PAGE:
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Replacing the Subs

dimsum

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The general view is "They suck and none of them work". When I point out the deployments to Asia and the Med they generally are unaware.
Part of it is because unlike the surface fleet, the subs don't tell people where they're going until months after they've been there.

The Silent Service is supposed to be...er...silent. Great for operations, less great for recruiting.
 

CBH99

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Japan just announced the discovery of a

The general view is "They suck and none of them work". When I point out the deployments to Asia and the Med they generally are unaware.
What surprises me is even with a CBC special on the topic, showing a Canadian submarine off the coast of NK & assisting in enforcing sanctions…people still aren’t aware.

I find the issue of PR for the subs to be a bit of an enigma. On the one hand, good PR is good PR. Helps with recruiting, national pride, credibility, etc. Showcasing the upgrades to the submarines & countering negative press is important in those regards.

On the other hand, the fact that our submarine service can be quite active and not draw attention is also an advantage.


Just thoughts…
 

Underway

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On the other hand, the fact that our submarine service can be quite active and not draw attention is also an advantage.
Until we need to buy new submarines, and then it's an uphill battle. That new sub money (if the gov't is smart) goes overseas at least partially. And you'll have to sell that to the public who doesn't understand submarines. Given that most people only believe what they read on their social media, well that's a hard sell.
 

blacktriangle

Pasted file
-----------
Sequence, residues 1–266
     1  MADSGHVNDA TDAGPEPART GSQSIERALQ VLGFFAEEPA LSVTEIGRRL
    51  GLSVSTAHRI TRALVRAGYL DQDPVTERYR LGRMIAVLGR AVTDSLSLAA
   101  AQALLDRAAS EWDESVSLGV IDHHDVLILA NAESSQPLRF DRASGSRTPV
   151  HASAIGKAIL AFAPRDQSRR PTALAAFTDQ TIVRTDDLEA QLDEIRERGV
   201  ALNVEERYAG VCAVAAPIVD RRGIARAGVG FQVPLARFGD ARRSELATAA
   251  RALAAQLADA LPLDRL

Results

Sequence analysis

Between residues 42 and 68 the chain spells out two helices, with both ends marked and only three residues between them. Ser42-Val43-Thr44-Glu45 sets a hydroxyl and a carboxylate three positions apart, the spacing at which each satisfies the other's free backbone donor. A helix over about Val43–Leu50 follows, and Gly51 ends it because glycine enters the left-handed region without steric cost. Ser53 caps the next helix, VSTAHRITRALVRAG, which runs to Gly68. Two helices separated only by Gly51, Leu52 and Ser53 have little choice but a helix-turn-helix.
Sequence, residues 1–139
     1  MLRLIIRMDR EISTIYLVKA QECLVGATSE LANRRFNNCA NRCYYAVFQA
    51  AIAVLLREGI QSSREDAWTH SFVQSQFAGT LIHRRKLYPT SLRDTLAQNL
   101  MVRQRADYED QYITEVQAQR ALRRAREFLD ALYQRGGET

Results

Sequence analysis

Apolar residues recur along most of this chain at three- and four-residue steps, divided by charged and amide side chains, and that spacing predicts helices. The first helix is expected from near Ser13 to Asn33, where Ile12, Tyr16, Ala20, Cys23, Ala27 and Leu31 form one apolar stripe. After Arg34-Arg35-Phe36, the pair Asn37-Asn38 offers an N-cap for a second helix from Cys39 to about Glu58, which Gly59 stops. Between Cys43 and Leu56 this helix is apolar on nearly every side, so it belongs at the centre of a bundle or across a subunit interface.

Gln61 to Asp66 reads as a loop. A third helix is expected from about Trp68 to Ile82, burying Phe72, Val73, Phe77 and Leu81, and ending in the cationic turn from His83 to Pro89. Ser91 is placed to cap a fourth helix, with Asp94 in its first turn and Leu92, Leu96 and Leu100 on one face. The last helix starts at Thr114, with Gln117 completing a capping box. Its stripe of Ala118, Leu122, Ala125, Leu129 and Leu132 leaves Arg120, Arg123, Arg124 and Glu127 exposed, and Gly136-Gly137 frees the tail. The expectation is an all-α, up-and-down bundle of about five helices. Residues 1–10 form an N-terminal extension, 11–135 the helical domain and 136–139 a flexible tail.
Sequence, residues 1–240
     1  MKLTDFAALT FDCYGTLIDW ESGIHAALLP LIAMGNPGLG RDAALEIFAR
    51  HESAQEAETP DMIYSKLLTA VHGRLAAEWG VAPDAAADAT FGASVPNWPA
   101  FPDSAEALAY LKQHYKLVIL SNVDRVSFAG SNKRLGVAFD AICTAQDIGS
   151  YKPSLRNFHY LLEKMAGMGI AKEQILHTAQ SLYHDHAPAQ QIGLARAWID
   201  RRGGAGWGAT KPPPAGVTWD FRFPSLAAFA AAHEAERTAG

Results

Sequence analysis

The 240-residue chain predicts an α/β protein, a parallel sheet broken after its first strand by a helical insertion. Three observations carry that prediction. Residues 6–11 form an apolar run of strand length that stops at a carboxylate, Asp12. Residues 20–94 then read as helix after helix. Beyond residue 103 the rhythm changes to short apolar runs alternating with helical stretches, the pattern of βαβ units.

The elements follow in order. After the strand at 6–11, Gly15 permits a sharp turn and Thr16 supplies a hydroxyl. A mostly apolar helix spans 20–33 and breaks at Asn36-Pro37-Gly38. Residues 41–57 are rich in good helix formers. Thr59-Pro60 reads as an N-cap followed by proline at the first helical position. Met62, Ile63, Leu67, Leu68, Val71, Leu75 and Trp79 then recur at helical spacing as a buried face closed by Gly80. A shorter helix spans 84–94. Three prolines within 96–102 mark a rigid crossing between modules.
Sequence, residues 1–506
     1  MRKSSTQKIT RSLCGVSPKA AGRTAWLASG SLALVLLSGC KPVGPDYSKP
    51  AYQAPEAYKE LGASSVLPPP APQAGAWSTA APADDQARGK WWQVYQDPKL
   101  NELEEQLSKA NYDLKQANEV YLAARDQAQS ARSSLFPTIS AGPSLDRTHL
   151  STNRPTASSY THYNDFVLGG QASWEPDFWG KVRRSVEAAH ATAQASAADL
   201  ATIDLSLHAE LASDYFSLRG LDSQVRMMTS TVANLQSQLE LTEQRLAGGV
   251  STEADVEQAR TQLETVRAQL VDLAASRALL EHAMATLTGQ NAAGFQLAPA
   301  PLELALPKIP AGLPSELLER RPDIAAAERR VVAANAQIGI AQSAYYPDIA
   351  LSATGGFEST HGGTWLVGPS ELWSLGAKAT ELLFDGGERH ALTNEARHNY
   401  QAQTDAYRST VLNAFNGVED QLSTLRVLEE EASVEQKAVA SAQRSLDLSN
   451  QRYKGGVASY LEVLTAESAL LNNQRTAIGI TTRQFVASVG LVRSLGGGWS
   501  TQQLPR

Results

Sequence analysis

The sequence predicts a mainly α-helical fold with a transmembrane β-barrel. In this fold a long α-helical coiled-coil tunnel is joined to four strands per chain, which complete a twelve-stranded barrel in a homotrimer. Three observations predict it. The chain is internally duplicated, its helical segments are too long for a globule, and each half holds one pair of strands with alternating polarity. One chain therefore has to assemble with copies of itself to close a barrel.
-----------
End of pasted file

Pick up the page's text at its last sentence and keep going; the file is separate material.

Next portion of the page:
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On the other hand, the fact that our submarine service can be quite active and not draw attention is also an advantage.
Although let's not pretend that any credible, well-resourced adversary couldn't figure it out, should they wish.
 

Colin Parkinson

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Until we need to buy new submarines, and then it's an uphill battle. That new sub money (if the gov't is smart) goes overseas at least partially. And you'll have to sell that to the public who doesn't understand submarines. Given that most people only believe what they read on their social media, well that's a hard sell.
Which is why the politicians avoid the subject, in their eyes there is no "political win" for them and it means diverting money from programs/grants/gifts/promises where they can gain a political advantage. If they were mature reasoning adults with a timeline beyond the next election they would see the utility and at the very least start the quest now for the right sub for us in 10 years.
 

CBH99

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Although let's not pretend that any credible, well-resourced adversary couldn't figure it out, should they wish.
Oh considering we post their port visits right on Instagram, even once out of port I’m sure they could narrow it down pretty quick
 

Maxman1

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It seems to me like the Dolphin II class subs would be a suitable replacement, since it's very close in size to the Victoria class and roughly the same size crew, but can dive twice as deep, has four 26 inch torpedo tubes which can also fire cruise missiles in addition to six 21 inch tubes.
 

Fishbone Jones

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Are we bound by agreement to have subs? I like subs, but I'd like some that spend more time at sea than in drydock.
 

Swampbuggy

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Are we bound by agreement to have subs? I like subs, but I'd like some that spend more time at sea than in drydock.
Wouldn't we all, eh? There's more to consider with subs than just the boats themselves, though. IIRC, just by being a member of the sub community allows us access to intelligence that would otherwise be off the table for us. I don't think it's a capability that we want to lose, because I doubt if it would ever come back. In the interim, having 3 boats in the water, with all the modern upgrades that have happened for sonar, comms, periscope and torpedo, will give Canada a capability it has never had before (at least consistently). It's time to start working on a plan for new ones, but I'm optimistic about the near future for the VIC class.
 

Maxman1

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It's like when the Bonaventure was decommissioned, we lost the capability of an aircraft carrier and the knowledge of how to operate a carrier and carrier-borne aircraft (the Banshees were removed in 1962 after the Cuban Missile Crisis without replacement).
 

dimsum